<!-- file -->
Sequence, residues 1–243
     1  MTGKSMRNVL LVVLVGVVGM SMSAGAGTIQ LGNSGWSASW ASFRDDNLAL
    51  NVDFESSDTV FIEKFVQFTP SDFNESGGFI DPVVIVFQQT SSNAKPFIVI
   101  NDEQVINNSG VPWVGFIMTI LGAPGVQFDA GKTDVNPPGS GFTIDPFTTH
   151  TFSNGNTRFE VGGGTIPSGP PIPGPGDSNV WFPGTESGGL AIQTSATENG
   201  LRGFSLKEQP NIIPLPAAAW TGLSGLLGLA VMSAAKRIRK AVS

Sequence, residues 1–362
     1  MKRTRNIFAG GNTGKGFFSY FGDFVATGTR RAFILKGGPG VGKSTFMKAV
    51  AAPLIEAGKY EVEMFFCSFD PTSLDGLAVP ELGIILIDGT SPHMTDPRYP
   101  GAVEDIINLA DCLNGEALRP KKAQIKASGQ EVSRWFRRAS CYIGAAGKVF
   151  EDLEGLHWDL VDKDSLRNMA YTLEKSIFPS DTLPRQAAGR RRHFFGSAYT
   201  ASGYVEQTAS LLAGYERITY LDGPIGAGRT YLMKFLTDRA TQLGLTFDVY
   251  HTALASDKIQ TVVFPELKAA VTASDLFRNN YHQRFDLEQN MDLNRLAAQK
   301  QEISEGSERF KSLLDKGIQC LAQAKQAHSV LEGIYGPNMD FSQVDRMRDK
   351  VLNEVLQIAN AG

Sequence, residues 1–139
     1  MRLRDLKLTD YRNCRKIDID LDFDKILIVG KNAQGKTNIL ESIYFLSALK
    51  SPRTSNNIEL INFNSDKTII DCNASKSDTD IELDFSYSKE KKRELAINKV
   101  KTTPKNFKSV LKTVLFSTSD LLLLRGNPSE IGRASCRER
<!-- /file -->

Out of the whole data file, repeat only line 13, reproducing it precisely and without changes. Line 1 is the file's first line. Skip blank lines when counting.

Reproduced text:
   251  HTALASDKIQ TVVFPELKAA VTASDLFRNN YHQRFDLEQN MDLNRLAAQK